The concept and what to do about it is critical for building healthy, inclusive cultures. It’s also emotionally charged, powerfully loaded, and often misused with confusing and, at times, detrimental results.
So, what is code switching (and what is it NOT)?
Code switching is:
Code switching is when an individual or group of individuals are forced to act as something that is not genuinely themselves in order to successfully function within an environment. Commonly described as ‘playing a character’ or ‘putting on a mask’, code switching is a coping strategy for those with little to no sense of belonging in a culture.
“Code-switching is often leveraged as a competitive advantage or a competitive necessity when individuals are in environments that would otherwise be hostile, unwelcoming, or dismissive to them. The practice is prolific,” explains Dr. Rudel. In a recent qualitative study designed by Dr. Rudel to capture the narrative of executive-level black male leaders, 100% of participants acknowledged the use of code-switching on a regular basis throughout their day.
For example, someone who hides their sexual orientation, sexual identity, religion, or disability, or someone who is suppressing any hint that they ever feel anger or upset, or someone who mimics those around them to conform to the ‘normal’ behavior patterns independent of themselves.
Code switching is exhausting, stressful and accompanied by a constant fear that the person will slip and expose their true selves. And it’s not just bad for those doing it, negatively impacting their health and well-being, code switching is also bad for business. It takes a lot of energy and focus to maintain the act, which are precious resources not going to things like productivity, creativity, and the pursuit of business-positive opportunities.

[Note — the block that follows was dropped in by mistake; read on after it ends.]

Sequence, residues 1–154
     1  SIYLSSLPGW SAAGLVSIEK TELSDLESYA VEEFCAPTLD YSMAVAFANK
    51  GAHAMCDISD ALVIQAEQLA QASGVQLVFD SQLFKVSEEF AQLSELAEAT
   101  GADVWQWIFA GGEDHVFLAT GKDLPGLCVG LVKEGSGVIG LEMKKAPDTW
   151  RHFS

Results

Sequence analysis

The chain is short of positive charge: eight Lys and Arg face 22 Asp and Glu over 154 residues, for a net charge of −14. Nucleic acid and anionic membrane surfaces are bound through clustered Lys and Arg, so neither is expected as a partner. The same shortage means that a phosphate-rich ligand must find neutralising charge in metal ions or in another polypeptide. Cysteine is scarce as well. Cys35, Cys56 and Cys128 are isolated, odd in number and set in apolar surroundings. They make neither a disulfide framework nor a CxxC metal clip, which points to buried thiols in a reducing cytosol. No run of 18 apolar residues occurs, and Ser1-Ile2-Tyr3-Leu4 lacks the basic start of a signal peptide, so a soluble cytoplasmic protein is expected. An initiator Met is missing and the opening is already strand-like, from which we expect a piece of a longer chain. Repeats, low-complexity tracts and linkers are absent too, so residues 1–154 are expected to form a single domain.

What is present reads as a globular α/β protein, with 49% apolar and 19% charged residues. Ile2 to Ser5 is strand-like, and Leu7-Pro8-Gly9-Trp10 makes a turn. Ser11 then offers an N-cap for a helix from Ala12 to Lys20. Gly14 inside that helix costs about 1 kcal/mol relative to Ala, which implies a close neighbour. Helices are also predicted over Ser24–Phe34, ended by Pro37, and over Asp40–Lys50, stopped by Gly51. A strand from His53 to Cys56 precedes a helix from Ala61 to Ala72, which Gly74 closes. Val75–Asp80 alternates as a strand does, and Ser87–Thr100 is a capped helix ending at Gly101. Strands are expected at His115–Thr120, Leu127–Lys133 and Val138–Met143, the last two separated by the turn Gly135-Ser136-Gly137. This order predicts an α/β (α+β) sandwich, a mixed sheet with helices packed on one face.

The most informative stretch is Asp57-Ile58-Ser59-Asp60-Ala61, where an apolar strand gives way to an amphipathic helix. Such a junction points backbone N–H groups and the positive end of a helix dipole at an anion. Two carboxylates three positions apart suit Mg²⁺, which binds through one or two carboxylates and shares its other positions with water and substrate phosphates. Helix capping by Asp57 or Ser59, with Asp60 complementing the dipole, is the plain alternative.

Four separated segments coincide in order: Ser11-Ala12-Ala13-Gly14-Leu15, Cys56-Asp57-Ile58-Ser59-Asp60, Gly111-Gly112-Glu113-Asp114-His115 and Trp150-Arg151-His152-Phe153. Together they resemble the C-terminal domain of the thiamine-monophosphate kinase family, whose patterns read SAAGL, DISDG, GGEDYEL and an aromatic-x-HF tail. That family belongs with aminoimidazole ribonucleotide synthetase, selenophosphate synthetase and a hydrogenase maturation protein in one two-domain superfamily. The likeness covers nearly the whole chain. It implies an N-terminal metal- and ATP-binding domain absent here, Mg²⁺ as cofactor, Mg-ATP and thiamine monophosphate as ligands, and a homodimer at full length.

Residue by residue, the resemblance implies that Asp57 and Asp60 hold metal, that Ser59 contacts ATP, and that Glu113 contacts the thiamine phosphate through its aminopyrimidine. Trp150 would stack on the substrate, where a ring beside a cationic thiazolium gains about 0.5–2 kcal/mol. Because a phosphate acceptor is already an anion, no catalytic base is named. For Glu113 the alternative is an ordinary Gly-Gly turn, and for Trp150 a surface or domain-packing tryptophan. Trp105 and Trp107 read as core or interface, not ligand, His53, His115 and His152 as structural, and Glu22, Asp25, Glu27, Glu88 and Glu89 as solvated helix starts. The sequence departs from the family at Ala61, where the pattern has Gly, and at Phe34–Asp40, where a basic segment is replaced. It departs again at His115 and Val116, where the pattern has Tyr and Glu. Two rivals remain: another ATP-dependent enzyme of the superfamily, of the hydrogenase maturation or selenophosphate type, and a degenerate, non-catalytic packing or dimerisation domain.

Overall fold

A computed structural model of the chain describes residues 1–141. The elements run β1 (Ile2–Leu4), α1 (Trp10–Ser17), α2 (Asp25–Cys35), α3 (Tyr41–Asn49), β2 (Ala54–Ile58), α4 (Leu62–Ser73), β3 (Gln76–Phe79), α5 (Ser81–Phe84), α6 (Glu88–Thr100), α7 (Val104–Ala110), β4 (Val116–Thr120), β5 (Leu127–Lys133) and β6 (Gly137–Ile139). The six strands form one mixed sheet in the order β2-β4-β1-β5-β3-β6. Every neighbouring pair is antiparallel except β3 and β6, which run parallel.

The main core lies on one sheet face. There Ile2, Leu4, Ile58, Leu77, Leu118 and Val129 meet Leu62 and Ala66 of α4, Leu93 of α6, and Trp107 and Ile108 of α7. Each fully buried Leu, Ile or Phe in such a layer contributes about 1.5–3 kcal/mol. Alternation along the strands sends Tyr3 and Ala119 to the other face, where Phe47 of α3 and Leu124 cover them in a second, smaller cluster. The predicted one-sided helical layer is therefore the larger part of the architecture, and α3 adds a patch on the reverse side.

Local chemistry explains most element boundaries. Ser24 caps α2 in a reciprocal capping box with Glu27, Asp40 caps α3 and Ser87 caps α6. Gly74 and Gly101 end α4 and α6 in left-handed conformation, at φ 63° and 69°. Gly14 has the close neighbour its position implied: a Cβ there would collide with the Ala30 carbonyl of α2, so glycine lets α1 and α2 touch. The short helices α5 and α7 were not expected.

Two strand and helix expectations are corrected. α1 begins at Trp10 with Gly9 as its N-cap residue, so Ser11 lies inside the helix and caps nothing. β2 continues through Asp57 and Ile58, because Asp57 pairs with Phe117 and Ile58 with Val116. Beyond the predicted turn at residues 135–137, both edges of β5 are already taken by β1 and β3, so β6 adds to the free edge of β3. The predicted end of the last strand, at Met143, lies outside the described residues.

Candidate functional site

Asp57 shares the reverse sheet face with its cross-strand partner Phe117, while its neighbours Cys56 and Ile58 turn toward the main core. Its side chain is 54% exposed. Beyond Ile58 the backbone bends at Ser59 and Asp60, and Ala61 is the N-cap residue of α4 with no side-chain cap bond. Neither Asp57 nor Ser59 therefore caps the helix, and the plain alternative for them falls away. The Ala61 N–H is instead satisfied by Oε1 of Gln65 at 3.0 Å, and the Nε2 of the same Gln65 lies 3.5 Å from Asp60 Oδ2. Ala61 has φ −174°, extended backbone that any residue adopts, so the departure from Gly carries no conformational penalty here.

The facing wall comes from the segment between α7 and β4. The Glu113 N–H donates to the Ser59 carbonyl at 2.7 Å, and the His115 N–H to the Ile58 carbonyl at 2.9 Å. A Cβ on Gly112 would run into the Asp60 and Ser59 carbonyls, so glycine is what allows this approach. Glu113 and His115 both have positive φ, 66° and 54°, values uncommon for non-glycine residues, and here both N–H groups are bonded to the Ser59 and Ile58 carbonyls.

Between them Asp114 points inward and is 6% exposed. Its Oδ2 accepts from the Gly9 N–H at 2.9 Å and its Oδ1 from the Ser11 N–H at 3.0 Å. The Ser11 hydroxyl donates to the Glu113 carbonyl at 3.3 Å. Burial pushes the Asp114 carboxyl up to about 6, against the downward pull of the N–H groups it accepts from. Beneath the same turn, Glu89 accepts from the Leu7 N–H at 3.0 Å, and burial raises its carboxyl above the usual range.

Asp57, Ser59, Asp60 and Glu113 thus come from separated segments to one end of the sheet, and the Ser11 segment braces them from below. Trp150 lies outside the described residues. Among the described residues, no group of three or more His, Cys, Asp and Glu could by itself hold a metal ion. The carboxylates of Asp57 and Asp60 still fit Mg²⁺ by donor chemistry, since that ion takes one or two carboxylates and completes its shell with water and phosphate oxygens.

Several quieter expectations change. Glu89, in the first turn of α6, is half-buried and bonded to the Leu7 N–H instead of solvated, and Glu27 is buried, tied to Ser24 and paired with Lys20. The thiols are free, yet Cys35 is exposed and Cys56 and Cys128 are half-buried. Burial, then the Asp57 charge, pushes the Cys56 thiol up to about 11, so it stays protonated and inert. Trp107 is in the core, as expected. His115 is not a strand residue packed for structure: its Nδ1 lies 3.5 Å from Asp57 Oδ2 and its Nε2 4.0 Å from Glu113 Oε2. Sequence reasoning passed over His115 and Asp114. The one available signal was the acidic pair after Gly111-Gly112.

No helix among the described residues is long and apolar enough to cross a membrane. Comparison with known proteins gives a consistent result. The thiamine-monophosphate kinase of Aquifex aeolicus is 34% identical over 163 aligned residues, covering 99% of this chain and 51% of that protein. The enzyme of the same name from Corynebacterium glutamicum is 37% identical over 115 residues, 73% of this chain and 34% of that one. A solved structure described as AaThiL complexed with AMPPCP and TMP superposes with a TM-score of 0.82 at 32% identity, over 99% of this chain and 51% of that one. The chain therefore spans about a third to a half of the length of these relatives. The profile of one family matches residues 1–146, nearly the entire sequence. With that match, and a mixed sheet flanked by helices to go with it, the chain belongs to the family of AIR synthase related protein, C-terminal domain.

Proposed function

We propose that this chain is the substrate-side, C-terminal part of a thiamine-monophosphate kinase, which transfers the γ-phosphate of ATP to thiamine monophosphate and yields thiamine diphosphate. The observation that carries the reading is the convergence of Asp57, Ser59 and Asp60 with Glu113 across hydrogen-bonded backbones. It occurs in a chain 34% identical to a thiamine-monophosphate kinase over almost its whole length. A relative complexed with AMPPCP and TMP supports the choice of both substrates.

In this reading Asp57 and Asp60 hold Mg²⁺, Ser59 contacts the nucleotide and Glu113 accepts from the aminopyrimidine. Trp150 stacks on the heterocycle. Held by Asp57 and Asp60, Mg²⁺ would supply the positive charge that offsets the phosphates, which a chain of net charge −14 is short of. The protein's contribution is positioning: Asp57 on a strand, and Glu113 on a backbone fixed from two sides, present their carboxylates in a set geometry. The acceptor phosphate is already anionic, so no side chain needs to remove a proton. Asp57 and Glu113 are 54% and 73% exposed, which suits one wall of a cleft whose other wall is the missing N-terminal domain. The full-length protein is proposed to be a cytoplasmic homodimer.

Okay, so what is NOT code switching?
Code Switching is Not:
Code switching is sometimes confused with the human capacity to shift our natural behaviors to fit a situation. These shifts are still genuinely you, just different versions of you. But with phrases like “bring your full, authentic selves to work,” some are struggling with the difference between ‘genuine’ (i.e. not code switching) and ‘professional’.
For example, consider how you act when you are with family vs. friends. Or consider how you interact with children vs. peers vs. older generations. Or consider how you act when meeting someone in your day-to-day routine vs. meeting someone while on vacation. Do you always choose the same words, the same topics, the same activities? Most likely, no. Humans shift behaviors to best fit the environments. In other words, parent me is different than child me, is different than friend me, but they are all genuinely me.
It would not generally be appropriate for me to treat a peer as I would a child or speak to a leader as I would my parent. Nor would it likely be appropriate to act as though I were on vacation when in a meeting. Does this mean I’m not bringing my genuine self to work? No. It means I’m shifting to the right genuine version of me for the environment.
Interested in learning more about code switching and other coping mechanisms for low belonging? Stay tuned – we have some exciting content coming soon!